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Replay: Patriots Unfiltered Mon Jun 01 | 12:00 AM - 11:59 PM

Bill Belichick Conference Call Transcript 10/10

[wysifield-embeddedaudio|eid="480661"|type="embeddedaudio"|view_mode="full"]Q: How well was the route-running by all of your pass catchers yesterday?
BB: Well, I thought we had our moments. We had some good route-running at times so we had some open receivers on play-action, which is partially a function of the action that got them open. But you know, we had some good routes on man coverage and there were some tight plays there in zone like the one that Rob [Gronkowski] had on the third-and-10, or whatever it was on the first drive of the second half. It's something that's important to any passing game, being able to get off the line of scrimmage, be able to get into the route and get to the depth with the proper spacing between receivers and then winning at the top of the route against man coverage, being able to create separation and give the quarterback a place to throw the ball. But that really is the passing game for those receivers to be able to get open in man coverage and to have the spacing and distribution so that we can stretch the zone and be able to get into the areas that the defense - so they can't match each receiver up and take the pattern away from us.

Q: How did you feel Julian Edelman performed in his blocking duties yesterday?

BB: Yeah, our receivers - Julian did a good job - but our receivers have blocked well for us all year. They really compete in the running game and after the catch in the passing game, whether it be stock blocks or crack blocks or just second effort type plays. They've done a great job for us, all of them. You can't say enough about them whether it be [Malcolm] Mitchell on [Jacoby] Brissett's touchdown run against Houston, or Chris [Hogan], Julian, Danny [Amendola] does a great job, [Matthew] Slater's given us some snaps in there too doing those kinds of things, so that group really competes hard in the running game. They give good effort and they're tough. They do it consistently.

Q: How dependable has Cameron Fleming been for you here and how have you seen him grow in the time he has been here with you?

BB: Cam has done a good job for us and he's one of our most dependable players. He's very smart and he works extremely hard. For his size he works very hard on his conditioning and he really doesn't get tired, or at least it doesn't seem like he does. He's right at the top of his group in sprints and works hard in the weight room, both on strength and flexibility and does a lot of extra things to try to continue to improve. I think he's quiet, but he's probably one of the most respected players on the team because of his work ethic and his toughness and his dependability. We've asked him to do a lot of different things, play multiple positions, guard, both tackles, the jumbo tight end spot and he works very hard to do all of those, and as I said his intelligence is excellent. He has the capacity to handle a lot of things but he's a flexible guy and nothing really seems to rattle him. He's got a very even temperament so whether it's to start, or come in, or change his role, or go from one side to the other, whatever it happens to be he's been very dependable for us. He's again, yesterday was another solid, really solid job for Marcus [Cannon] at right tackle and he's helped us out a lot.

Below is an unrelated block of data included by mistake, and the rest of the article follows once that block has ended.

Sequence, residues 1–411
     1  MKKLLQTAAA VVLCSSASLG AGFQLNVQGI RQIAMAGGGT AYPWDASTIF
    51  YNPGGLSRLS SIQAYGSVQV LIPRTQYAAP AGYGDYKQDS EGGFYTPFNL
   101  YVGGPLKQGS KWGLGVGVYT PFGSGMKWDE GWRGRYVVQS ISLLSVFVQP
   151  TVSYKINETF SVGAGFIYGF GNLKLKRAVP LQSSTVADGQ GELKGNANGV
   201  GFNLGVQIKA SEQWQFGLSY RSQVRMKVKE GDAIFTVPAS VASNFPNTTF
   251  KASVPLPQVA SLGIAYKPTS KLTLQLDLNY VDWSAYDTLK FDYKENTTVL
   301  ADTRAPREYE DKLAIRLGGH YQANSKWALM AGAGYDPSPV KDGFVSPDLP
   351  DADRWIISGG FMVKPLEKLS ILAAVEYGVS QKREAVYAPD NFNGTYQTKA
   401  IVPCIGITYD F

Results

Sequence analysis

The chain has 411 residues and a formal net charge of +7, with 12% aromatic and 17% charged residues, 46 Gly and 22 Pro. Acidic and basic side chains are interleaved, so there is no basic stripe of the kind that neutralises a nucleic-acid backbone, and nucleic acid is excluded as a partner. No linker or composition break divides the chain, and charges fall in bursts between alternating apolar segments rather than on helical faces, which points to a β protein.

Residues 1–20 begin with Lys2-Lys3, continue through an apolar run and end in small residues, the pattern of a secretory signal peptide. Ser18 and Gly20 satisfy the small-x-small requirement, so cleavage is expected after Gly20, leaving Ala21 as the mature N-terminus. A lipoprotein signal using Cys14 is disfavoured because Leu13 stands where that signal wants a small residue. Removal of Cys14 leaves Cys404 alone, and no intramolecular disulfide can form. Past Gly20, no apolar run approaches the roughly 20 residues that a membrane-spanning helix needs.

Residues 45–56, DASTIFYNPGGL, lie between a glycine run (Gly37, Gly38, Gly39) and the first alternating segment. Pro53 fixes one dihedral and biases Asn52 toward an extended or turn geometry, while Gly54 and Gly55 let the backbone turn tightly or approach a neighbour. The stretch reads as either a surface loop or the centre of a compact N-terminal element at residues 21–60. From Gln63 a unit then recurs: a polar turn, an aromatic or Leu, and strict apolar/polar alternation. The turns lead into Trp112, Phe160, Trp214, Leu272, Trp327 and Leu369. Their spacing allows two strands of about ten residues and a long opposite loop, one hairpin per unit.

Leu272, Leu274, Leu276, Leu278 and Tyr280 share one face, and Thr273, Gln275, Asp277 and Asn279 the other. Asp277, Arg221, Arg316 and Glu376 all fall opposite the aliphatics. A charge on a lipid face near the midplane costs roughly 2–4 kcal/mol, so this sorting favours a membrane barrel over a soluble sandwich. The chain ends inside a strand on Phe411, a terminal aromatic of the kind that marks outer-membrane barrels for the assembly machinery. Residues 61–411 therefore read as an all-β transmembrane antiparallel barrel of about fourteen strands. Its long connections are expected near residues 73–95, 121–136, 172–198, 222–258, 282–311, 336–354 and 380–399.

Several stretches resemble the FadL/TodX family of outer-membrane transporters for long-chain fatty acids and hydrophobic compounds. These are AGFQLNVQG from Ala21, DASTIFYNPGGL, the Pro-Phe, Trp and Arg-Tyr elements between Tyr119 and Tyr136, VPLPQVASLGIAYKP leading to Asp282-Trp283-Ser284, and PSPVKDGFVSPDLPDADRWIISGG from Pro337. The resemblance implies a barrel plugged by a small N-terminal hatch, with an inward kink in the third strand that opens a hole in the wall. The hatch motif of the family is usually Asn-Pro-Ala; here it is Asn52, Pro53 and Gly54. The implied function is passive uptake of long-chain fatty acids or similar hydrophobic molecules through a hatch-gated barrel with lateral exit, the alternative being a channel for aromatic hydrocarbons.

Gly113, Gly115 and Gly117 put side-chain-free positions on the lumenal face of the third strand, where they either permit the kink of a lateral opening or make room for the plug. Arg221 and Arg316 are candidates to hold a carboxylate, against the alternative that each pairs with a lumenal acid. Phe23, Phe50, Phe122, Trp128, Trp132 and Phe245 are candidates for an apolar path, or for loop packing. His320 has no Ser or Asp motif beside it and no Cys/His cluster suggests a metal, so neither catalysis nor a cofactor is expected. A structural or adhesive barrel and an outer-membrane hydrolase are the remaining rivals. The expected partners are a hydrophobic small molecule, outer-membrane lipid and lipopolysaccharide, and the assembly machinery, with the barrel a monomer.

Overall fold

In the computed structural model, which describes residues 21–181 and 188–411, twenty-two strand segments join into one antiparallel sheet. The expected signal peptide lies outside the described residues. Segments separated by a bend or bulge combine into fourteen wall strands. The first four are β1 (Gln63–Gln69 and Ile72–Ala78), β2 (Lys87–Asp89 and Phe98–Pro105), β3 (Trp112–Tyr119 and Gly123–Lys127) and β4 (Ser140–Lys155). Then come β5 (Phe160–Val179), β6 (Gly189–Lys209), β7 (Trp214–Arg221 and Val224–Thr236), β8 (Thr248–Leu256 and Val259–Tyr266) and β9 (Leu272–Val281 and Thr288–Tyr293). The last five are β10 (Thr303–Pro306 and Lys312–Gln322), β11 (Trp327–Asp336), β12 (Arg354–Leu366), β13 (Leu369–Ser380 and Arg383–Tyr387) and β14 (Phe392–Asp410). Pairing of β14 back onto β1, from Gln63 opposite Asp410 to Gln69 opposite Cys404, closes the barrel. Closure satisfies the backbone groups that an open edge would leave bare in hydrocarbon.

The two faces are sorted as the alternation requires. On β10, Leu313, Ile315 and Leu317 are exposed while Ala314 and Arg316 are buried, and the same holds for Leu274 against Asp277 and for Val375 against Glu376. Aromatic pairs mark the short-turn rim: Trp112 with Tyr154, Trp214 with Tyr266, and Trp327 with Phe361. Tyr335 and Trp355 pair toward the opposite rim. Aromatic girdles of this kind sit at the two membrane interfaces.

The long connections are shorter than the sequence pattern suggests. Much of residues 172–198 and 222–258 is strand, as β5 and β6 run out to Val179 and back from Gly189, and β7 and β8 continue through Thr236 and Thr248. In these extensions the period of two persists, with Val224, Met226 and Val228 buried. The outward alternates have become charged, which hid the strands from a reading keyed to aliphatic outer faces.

Q: On the rare occasion that Stephen Gostkowski goes through some struggles in the kicking game, how do you deal with that from a coaching perspective?

BB: Well, we do the same thing really at every position. Every week we try to work on our techniques, our timing, our consistency and it's the same with every part of our game; offense, defense, special teams. Just continually trying to work to get better, not taking anything for granted. Stephen's one of our hardest working players and I'd say one of the most respected players on the team because of the way he does work and how team-oriented he is. Whatever we've asked him to do, whether it be the training things or kickoffs or situations, the amount of field goals where we've multiple holders and snappers over the course of his career. He does a great job of working with those guys and just working to make the operation better and more consistent. We'll keep doing that just like we do with everything else in our program.